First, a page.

• The power consumption of both the hearing aids and the FM system was fairly low; however, there could be further improvements and size reductions using ultra-low-power circuits and chips. The past decade has seen major reductions in minimum feature size for digital CMOS processes. Although the integration of smaller devices leads accordingly to lower power-supply voltages, digital hardware still constitutes a power-hungry solution for applications such hearing aids and other listening devices. The main problem is that, in a number of situations, the computational complexity and low power consumption required in medical devices restricts the minimum size possible.3

• In contrast to similar products, the Lexis receiver features an independent microphone sensitivity control. Adjustable within ±7 dB, this control provides power resources for special situations when necessary.

• An additional stereo jack provides the possibility to connect the system with other communication devices used in a dental clinic (eg, a radio set as used in emergency service).

Lexis performed well under the special conditions of dental education and practice. The author recommends it to dental/medical students and professionals.

This evaluation was sponsored by Phonic Ear Inc by provision of material.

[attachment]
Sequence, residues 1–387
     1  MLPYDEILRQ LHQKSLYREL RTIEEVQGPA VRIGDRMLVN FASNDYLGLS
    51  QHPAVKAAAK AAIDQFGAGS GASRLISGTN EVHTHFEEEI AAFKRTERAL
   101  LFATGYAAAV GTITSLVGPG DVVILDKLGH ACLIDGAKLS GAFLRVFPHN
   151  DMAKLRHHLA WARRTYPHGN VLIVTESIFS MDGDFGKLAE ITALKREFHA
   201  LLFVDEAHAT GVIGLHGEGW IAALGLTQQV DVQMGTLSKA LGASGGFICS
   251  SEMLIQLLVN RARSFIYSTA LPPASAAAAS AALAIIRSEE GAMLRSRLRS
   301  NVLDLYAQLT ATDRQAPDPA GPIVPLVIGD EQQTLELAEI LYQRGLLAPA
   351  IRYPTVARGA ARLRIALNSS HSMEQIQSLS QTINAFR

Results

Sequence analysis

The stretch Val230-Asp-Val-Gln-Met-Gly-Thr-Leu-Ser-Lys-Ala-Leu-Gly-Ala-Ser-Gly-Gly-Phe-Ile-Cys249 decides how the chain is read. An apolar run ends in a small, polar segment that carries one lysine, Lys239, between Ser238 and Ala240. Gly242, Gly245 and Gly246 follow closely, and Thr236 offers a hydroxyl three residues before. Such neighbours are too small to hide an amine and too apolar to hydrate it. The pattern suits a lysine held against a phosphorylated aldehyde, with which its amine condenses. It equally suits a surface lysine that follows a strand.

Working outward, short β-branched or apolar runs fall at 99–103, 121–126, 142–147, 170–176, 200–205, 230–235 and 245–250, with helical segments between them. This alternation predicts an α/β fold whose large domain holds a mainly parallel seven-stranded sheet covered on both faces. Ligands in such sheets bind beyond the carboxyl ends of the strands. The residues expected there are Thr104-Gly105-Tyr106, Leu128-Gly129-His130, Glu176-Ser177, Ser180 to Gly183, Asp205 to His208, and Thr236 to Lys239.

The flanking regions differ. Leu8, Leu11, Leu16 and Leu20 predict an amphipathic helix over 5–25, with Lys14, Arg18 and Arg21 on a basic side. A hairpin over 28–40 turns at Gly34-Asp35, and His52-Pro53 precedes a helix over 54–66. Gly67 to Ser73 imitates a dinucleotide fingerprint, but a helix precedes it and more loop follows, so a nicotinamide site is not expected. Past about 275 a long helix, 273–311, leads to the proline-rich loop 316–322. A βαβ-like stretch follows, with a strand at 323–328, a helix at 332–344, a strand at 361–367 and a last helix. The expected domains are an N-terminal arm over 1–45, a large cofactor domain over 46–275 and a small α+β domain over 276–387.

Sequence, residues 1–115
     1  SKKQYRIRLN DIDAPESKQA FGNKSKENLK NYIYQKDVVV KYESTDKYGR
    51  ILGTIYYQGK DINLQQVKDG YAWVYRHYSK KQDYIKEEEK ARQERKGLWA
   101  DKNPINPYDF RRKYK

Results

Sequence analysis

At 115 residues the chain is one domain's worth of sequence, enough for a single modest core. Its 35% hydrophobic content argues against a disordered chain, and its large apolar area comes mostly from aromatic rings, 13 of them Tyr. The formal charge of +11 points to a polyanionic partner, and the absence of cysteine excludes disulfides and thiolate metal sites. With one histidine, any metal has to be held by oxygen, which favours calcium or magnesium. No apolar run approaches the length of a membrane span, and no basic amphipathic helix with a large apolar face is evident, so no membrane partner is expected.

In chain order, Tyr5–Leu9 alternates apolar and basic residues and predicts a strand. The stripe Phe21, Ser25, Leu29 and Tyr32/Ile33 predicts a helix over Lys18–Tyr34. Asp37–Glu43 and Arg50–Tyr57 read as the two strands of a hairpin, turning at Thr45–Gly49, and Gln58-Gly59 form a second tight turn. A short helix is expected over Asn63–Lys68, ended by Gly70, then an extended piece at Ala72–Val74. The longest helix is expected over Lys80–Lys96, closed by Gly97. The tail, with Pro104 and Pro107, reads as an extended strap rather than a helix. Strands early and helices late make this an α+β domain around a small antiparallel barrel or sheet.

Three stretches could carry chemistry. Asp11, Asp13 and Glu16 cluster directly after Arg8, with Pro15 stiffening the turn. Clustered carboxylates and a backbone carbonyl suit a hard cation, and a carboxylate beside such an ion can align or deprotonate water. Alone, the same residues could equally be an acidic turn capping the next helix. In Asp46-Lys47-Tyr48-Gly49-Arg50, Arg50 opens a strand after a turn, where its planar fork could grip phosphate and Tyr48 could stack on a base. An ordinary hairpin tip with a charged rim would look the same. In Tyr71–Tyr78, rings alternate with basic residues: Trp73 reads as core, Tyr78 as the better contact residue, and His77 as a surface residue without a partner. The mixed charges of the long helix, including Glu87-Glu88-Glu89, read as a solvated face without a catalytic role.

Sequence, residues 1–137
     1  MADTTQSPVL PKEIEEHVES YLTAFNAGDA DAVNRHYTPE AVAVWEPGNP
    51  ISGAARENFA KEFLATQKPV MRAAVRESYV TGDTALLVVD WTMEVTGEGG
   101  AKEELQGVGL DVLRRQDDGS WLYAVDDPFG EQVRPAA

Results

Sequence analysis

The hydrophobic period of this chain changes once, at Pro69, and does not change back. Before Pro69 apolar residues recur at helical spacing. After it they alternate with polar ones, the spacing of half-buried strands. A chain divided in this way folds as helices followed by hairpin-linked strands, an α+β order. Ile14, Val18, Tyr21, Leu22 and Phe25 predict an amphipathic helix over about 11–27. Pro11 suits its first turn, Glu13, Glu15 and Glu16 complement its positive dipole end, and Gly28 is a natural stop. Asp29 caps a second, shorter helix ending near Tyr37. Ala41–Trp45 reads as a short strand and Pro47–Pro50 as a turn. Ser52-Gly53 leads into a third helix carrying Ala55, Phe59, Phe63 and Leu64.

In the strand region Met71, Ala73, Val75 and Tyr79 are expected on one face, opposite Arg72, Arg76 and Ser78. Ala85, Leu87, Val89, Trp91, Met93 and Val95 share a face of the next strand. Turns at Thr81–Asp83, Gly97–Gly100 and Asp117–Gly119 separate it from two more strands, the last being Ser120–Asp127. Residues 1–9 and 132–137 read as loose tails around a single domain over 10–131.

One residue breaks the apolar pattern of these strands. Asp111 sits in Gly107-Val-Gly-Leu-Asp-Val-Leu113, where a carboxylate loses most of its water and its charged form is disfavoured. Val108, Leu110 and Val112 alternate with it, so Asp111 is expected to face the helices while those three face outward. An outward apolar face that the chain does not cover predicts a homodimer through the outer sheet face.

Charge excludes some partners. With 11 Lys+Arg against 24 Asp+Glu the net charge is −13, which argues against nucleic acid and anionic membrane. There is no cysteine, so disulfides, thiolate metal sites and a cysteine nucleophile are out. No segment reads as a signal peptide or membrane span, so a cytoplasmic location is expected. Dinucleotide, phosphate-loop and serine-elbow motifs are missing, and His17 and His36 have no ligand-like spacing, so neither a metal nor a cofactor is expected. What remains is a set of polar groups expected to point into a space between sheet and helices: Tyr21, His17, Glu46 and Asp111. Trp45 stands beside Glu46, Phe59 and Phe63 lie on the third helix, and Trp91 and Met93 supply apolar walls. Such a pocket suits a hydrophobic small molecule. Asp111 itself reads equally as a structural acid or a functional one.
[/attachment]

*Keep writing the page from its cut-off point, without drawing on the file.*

This article was submitted to HR by Stefan Dietrich, ICID, a doctoral student at the School of Oral Medicine at Friedrich-Alexander-University in Erlangen-Nuremberg, Germany. Dietrich is hearing impaired, wears hearing aids, and his past research has focused on hearing disorders, tinnitus, and craniomandibular disorders. He has a degree in bioengineering from Imperial College London, and he has an extensive education as a dispensing professional. Correspondence can be addressed to Stefan Dietrich, Friedrich-Alexander-University Erlangen-Nuremberg, Haagstr. 22, 91054 Erlangen, Germany; email: [email protected].

1. Dillon H. Hearing Aids. Stuttgart, NY: Thieme; 2001.
2. Phonic Ear Inc. Look to Lexis for great-sounding, easy-to-use ear-level FM. Available at: lexis.asp. Accessed: April 19, 2004.
3. Toumazou C, Dietrich S. Advanced Mixed Analogue and Digital Processing Technique—a novel design methodology for hearing aids and cochlear implants. Proceedings of the 48th International Congress of Hearing Aid Acousticians (UHA Congress); Frankfurt, Germany; 2004:161-164.